Picking a squad isn’t really an exact science. That is why fans, pundits and eventually the selectors rarely have the same set of players when asked to pick one.
Do you simply pick the best players on current form? Do you give someone another chance? Do you go with the tried and trusted or try to introduce some new blood?
These are questions that every selection panel struggles with and one that the Sri Lankan’s rarely, if ever, get right. Sri Lanka aren’t hip to picking squads or teams that are suited for the three individual formats. It’s just something the selectors have never been good at. Then they make decisions which are quite silly that you start to wonder if it’s some sort of cruel prank they are pulling on you. An example would be that of how Suraj Randiv is now considered a test match specialist. They are equally guilty of sheer bloody mindedness in picking players who’ve failed over and over again in the hope they do well to prove the doubters of their decision making process wrong. Chamara Kapugedera is one such example.
That Kapugedara is talented is almost universally accepted by the current Captain, coaches, past players. A lot of people still remember him hitting Brett Lee for few sixer’s in Australia. And for a long time he was picked based on that innings and the promise that innings showed. Of late he’s been picked when someone has been injured with expectations that he has to do well in these drop in innings. Kapugedara’s confidence has been systematically stripped away with almost surgical precision by the media and fans. It’s almost palpable when he bats for Sri Lanka. It’s like he knows he’s going to get out so why bother trying anyway.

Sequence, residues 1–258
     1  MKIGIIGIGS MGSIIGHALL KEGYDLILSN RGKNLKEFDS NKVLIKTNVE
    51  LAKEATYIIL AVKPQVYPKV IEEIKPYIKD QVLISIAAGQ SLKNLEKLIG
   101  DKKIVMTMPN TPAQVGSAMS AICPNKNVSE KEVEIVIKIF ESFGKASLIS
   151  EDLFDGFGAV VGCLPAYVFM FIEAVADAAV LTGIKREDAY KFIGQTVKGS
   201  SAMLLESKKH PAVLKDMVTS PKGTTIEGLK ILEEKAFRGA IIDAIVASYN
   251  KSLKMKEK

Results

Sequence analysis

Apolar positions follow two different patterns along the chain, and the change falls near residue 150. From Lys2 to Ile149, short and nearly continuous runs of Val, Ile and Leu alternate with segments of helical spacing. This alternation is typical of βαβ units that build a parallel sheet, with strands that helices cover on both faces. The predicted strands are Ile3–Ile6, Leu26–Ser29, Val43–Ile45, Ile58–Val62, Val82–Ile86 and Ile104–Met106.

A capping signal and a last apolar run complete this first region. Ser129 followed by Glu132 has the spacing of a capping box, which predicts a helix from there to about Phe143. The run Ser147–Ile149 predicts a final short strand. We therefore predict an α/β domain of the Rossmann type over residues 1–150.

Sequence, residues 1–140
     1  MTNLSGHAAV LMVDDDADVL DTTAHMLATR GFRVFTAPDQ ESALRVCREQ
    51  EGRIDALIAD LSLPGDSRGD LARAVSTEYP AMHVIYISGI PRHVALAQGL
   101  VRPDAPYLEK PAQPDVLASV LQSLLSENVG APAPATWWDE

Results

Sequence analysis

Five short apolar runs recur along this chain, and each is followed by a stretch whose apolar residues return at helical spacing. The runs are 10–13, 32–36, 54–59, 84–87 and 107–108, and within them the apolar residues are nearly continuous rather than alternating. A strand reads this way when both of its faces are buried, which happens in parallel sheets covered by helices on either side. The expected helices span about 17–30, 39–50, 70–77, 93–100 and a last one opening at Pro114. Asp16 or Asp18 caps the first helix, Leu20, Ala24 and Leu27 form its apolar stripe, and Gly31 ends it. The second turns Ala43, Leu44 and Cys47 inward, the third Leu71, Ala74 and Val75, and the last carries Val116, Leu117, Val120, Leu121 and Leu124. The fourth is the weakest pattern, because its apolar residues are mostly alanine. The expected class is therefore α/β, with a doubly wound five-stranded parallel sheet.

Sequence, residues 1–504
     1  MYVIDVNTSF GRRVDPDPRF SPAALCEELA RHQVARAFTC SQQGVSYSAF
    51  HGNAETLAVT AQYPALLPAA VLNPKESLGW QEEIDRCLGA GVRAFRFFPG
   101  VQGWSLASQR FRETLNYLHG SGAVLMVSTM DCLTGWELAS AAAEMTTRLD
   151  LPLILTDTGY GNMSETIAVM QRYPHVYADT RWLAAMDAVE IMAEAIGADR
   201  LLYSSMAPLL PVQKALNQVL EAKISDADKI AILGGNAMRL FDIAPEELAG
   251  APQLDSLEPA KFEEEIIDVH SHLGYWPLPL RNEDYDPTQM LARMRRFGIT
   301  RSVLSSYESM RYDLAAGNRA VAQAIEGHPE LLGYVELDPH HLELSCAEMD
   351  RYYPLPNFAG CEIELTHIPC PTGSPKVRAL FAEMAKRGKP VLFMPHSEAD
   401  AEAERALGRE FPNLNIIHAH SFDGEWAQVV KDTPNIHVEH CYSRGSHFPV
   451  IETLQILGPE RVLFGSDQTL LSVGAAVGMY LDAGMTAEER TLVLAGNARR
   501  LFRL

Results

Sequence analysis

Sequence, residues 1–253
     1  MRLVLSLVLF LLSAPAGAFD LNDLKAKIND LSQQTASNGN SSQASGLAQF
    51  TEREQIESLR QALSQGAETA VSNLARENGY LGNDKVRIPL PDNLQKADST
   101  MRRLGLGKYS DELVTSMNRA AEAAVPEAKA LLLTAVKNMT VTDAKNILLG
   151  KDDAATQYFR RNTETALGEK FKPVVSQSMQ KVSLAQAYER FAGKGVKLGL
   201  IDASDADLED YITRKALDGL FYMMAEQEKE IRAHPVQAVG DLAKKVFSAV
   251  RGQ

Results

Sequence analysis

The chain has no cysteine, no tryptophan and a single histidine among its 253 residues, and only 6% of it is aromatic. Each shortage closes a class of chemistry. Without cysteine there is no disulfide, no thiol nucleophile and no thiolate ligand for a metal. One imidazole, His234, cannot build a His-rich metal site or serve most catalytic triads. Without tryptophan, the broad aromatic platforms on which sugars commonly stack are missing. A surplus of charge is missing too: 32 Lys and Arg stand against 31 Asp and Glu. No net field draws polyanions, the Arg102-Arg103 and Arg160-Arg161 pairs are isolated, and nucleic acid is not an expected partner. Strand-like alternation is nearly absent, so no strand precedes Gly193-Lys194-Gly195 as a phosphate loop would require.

Remarkably the selectors have appeared to have shed all these past indiscretions and picked possibly one of the best squads Sri Lanka has ever put out in any form of the game. There is depth and an excellent mix of experience and youth. And at a time when we ere contemplating on heading to PartyCasino to put some coin on everyone’s favorite MP and dance star Jayasuriya making the cut.
Kapugedara has been left out for a start. Bowlers like Eranga and SLPL star Dhananjaya have been gambled on. Ajantha Mendis, who in our view still remains a destructive force in this format of the game, is back. Munaweera adds a much needed aggressive streak to the top order.
There are no freeloaders. Everyone has clear and defined roles. But that doesn’t take away from the flexibility of the options available to Jayawardene. 2020 cricket is so fast and furious that it’s a case of adapt or die. Set batting line ups, run accumulators and predictable bowlers are not the order of the day.
Munaweera can open, bat at 3 or in the middle order. The same is true for Jayawardene. Even Thisara Perera could come up the order if needed on his current form. Jeewan Mendis props up a strong and clever attacking lower middle order. The pace attack is structured well with Malinga offering the X factor, although it’s more like a x factor these days, Kulesekara control and Eranga swing at good pace.
Sri Lanka always likes a bit of mystery with their tweakers and this side has a enough to satisfy J.J Abrams. Excessive variety, which can be detrimental without having a stock ball to fall back on in the longer formats, is an advantage in 2020 cricket. A fact that Jayawardene obviously supports in his championing of Akila Dananjaya for his SLPL side. But with Mendis also in the squad, it remains to be seen if he gets a game. But the fact that he is available for Jayawardene is the whole point of the exercise.
In recent times, Sri Lankan sides have been handicapped by the selections they have made. This time around they have given themselves the best chance by putting together 15 players who are suited to the format and play pivotal roles for the side. They’ve lowered the odds and have for once, stopped us unnecessarily parting with our hard earned small sums of money
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